I have recently analysed the procedural aspects of the Ordinance issued by the President of India Mr. Pranab Mukherjee regarding appointment of Mr. Nripendra Misra. Prima facie this Ordinance has been promulgated in conformity with the Constitutional requirements and there are little reasons to agitate against the same. However, the allegations of “Political Impropriety” cannot be ignored in these circumstances. The only thing that remains to be seen is what “Potential Benefits’ the appointment of Mr. Misra would bring in these circumstances. Nevertheless, no “Constitutional Infirmity or Illegality” can be attributed to this Ordinance as on date.
Chapter III of the Constitution of India deals with the Legislative Powers of the President. Article 123 (1) of Constitution of India provides that if at any time, except when both Houses of Parliament are in session, the President is satisfied that circumstances exist which render it necessary for him to take immediate action, he may promulgate such Ordinances as the circumstances appear to him to require. Article 123 (2) provides that an Ordinance promulgated under this article shall have the same force and effect as an Act of Parliament, but every such Ordinance-(a) Shall be laid before both Houses of Parliament and shall cease to operate at the expiration of six weeks from the reassembly of Parliament, or, if before the expiration of that period resolutions disapproving it are passed by both Houses, upon the passing of the second of those resolutions; and (b) May be withdrawn at any time by the President. The Explanation to Article 123(2) provides that where the Houses of Parliament are summoned to reassemble on different dates, the period of six weeks shall be reckoned from the later of those dates for the purposes of this clause. Article 123(3) provides that if and so far as an Ordinance under this article makes any provision which Parliament would not under this Constitution be competent to enact, it shall be void.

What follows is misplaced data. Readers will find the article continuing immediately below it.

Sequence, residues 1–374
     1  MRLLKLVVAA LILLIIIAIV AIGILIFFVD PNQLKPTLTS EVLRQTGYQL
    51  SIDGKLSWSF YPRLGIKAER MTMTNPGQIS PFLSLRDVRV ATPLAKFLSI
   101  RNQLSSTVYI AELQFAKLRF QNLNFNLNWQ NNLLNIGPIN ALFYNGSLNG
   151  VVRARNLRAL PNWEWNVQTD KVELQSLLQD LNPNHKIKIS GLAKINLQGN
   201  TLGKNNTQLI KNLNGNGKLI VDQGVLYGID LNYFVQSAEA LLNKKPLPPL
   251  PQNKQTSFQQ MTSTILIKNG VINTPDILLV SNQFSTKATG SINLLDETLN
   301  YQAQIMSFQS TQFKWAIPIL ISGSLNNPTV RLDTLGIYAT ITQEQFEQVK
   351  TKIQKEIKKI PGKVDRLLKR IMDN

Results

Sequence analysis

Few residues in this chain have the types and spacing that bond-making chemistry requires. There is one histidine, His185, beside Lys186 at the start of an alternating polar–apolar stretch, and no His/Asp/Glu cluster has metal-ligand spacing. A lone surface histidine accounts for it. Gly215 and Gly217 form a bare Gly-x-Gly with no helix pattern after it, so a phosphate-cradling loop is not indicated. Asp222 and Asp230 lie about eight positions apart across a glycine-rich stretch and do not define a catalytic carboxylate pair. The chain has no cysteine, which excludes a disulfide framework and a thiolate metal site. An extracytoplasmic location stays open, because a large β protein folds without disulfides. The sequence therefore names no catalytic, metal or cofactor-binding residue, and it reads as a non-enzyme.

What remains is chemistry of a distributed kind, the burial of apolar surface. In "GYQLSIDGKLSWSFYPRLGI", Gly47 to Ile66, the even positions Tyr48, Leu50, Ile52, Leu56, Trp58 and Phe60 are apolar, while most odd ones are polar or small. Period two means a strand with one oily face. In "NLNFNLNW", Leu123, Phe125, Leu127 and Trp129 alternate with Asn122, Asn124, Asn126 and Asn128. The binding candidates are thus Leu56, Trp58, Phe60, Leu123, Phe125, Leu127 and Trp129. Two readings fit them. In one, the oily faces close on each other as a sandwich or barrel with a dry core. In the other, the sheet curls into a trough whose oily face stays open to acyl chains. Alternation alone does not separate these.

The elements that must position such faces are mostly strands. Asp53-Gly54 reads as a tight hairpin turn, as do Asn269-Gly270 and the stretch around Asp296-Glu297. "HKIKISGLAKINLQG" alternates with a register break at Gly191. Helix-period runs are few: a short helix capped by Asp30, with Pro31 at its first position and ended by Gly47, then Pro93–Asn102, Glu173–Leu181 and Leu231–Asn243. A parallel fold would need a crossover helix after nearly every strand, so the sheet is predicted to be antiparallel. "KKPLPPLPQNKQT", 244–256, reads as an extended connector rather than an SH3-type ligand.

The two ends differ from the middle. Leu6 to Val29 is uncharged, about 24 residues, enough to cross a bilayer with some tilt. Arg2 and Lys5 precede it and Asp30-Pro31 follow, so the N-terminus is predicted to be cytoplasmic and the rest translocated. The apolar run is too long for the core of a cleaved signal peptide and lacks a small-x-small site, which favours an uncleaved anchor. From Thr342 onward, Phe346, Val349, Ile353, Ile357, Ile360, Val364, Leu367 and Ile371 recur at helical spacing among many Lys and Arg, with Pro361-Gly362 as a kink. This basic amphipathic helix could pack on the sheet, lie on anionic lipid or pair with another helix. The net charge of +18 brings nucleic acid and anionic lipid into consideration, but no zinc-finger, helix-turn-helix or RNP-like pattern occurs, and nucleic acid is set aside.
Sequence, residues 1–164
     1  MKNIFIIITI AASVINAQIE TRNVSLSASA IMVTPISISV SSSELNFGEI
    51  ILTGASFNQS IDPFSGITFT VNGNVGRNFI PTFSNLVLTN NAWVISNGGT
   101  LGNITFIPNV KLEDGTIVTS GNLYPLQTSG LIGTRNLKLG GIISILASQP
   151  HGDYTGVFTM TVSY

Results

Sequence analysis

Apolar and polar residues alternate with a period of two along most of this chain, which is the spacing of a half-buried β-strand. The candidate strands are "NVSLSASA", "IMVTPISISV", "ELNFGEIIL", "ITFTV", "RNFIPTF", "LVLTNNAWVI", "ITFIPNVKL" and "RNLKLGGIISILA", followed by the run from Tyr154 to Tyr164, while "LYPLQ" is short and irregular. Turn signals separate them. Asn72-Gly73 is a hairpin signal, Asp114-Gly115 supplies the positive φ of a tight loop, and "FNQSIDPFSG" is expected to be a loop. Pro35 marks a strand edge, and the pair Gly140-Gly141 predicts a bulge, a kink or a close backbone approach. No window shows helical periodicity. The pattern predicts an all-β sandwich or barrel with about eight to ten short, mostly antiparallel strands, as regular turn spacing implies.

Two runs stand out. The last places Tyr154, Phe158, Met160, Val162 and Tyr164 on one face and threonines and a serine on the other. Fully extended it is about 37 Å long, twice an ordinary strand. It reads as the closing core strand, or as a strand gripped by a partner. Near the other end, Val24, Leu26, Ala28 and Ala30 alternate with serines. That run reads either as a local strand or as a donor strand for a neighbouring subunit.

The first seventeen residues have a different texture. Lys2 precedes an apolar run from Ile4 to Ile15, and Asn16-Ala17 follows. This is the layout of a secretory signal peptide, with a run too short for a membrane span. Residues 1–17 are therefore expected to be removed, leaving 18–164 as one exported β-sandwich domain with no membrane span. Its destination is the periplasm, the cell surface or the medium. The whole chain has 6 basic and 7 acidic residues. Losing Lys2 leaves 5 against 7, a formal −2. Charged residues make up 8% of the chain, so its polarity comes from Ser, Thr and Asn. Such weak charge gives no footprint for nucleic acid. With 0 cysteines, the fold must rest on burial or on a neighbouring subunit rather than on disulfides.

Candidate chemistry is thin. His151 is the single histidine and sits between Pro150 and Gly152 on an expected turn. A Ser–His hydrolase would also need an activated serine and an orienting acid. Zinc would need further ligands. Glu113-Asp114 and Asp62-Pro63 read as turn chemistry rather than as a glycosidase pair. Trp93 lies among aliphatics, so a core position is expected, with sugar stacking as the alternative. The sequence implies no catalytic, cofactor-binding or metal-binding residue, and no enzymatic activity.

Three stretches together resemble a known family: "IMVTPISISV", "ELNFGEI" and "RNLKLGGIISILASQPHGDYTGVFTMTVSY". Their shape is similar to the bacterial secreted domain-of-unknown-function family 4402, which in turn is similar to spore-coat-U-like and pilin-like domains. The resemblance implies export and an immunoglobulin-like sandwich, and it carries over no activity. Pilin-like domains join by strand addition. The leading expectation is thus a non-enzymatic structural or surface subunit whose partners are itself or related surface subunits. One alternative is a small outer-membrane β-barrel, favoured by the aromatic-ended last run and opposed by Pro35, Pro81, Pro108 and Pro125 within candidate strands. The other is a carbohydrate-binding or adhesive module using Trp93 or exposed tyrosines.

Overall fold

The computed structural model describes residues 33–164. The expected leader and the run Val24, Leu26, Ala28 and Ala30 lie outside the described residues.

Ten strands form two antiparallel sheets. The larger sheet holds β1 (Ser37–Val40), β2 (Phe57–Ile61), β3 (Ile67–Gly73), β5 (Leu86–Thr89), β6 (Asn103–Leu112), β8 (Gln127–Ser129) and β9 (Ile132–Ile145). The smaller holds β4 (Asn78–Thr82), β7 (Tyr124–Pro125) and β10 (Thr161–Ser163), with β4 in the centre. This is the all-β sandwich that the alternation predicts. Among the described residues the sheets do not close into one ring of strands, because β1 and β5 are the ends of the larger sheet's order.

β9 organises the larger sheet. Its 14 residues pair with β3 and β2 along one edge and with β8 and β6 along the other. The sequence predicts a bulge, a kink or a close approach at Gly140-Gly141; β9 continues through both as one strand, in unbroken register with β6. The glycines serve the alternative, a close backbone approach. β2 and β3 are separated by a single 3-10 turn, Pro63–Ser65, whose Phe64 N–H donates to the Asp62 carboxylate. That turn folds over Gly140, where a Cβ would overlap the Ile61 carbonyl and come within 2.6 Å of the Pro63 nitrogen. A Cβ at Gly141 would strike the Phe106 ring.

By virtue of Article 123(1), the promulgation of an Ordinance is not necessarily connected with an “emergency” but issued by the President in case he is convinced that it is not possible to have the Parliament enact on same subject immediately and the circumstance render it necessary for him to take “immediate action”.
The Ordinance regarding Mr. Misra was duly approved by the President of India and the requirements of Article 123 have also been satisfied. It is very difficult to challenge the “Subjective Satisfaction” of the President of India before the Supreme Court of India that is based upon the “Aid and Advise” of Council of Ministers under Article 74(1) of the Constitution of India. Article 74(1) provides that there shall be a Council of Ministers with the Prime Minister at the head to aid and advise the President who shall, in the exercise of his functions, act in accordance with such advice. However, the proviso to the Article 74(1) provides that the President may require the Council of Ministers to reconsider such advice, either generally or otherwise, and the President shall act in accordance with the advice tendered after such reconsideration. Clearly the President of India did not find anything wrong with the Ordinance in question and did not find it a fit case to be “Reconsidered”.